Region's First Neonatal intensive Care Unit Now Open at South Shore Hospital
For Immediate Release: Media Contact: Scott Pickard January 23, 2004 781-624-8970
SOUTH WEYMOUTH, Mass., Jan. 23 - After more than two years of planning, construction, staff recruitment, and training, South Shore Hospital's neonatal intensive care unit (NICU) - the first such unit in Massachusetts operating outside of an academic medical center - is now caring for premature or ill newborns who require advanced respiratory support.
The unit received its final OK from the Massachusetts Department of Public Health earlier this month.
South Shore Hospital's NICU is licensed to care for 10 babies but will initially be staffed to accommodate fewer infants to allow neonatalogists, nurses, respiratory therapists, and other members of the NICU team to closely monitor the newborns' care.
South Shore Hospital welcomed 4,230 babies last year, making it among the most popular maternity centers in Massachusetts. The new NICU allows those newborns who need respiratory support to remain at South Shore Hospital until they can breathe on their own - thus eliminating the need for them to be sent to Boston for periods that can sometimes be as short as one day. The NICU is located within hospital's recently expanded special care nursery, which was designed and constructed to accommodate the enhanced level of intensive care.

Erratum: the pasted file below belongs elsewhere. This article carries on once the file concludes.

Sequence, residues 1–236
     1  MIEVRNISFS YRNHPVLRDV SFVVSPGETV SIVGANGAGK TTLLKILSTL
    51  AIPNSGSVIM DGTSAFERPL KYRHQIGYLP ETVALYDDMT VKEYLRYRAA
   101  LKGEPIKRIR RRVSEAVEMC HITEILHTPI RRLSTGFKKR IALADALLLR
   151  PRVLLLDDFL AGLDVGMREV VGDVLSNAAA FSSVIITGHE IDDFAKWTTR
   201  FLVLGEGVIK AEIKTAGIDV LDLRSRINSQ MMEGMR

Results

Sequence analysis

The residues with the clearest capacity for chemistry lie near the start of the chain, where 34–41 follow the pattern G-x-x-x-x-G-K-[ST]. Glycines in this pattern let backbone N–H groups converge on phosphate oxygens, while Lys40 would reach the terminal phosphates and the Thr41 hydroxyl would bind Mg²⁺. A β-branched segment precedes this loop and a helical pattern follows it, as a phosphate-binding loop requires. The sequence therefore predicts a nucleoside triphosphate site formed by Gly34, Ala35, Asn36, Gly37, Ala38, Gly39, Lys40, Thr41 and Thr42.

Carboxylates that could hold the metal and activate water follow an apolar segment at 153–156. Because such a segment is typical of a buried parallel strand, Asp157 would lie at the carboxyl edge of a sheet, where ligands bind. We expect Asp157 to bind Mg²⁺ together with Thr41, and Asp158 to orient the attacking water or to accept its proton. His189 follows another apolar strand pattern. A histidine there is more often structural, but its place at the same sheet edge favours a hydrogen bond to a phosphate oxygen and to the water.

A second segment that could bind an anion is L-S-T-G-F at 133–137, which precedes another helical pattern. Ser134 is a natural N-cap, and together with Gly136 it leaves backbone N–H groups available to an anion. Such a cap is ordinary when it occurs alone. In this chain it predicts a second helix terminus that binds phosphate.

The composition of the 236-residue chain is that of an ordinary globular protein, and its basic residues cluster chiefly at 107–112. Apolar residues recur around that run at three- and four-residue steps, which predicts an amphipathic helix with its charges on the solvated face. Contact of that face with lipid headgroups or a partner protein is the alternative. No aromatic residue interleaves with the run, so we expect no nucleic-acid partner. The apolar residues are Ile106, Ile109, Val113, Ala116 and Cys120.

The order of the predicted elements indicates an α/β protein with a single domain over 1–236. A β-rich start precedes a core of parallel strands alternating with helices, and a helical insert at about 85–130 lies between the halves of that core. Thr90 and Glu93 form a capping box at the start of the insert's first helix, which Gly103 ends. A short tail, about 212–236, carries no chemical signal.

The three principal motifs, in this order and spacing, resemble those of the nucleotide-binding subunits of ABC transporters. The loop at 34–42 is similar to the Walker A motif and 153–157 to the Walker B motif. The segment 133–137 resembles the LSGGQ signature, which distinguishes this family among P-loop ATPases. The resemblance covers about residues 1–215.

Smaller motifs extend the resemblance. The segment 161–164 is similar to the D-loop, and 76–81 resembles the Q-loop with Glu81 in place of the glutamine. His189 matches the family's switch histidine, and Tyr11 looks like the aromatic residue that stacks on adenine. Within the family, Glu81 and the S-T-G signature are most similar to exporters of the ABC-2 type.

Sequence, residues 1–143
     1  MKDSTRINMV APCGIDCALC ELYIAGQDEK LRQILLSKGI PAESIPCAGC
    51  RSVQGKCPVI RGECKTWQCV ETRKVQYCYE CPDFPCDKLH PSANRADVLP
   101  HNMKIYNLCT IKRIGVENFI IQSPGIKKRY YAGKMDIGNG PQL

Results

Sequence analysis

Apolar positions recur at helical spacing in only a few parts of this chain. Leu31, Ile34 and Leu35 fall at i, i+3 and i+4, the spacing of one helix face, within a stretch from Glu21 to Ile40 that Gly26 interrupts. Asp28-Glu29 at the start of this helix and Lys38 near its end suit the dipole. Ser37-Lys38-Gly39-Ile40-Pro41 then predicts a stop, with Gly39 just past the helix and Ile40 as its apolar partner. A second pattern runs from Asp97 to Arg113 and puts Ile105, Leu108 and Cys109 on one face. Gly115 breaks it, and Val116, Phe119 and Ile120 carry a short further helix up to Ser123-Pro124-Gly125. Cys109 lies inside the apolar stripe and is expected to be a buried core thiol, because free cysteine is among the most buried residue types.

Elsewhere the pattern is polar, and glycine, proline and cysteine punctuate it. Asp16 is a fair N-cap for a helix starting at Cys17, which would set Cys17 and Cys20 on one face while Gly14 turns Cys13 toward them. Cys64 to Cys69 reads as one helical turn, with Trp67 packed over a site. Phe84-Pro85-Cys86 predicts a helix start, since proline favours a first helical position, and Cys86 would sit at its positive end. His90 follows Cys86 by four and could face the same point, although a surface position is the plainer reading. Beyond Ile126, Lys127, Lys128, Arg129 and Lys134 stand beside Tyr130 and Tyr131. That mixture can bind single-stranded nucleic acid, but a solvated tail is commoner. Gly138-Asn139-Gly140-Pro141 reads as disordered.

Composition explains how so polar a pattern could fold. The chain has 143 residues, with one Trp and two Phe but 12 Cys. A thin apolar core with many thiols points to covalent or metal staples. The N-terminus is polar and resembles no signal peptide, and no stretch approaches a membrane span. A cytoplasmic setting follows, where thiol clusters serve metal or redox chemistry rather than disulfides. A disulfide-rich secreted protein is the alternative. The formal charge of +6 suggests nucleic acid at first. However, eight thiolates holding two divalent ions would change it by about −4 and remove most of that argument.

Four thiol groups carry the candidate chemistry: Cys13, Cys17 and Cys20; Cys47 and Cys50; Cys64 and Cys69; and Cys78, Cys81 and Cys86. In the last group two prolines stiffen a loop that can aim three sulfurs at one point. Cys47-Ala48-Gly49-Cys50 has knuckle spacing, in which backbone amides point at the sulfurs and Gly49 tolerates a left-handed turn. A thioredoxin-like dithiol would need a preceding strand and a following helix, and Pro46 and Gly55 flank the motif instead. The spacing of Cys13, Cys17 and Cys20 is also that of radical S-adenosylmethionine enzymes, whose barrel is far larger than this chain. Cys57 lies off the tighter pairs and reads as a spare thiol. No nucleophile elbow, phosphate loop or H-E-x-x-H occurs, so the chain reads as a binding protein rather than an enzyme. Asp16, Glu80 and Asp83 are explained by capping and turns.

Both the NICU and special care nursery are under the direction of Janet Lloyd, MD, South Shore Hospital's director of neonatology and an attending neonatologist at Children's Hospital, Boston. Dr. Lloyd and her Children's-affiliated physician collagues - Drs. Diana Gilson, Matthew Hjort, and Eyad Zahr - make up the largest full-time community hospital neonatology staff in Massachusetts.
South Shore Hospital is a regional provider of acute, emergency, outpatient, home health, and hospice care. The hospital employs 3,300 full- and part-time employees and has a medical staff of more than 700 physicians.
# # #
Sign up to receive our Community Magazine, e-Newsletters or program brochures.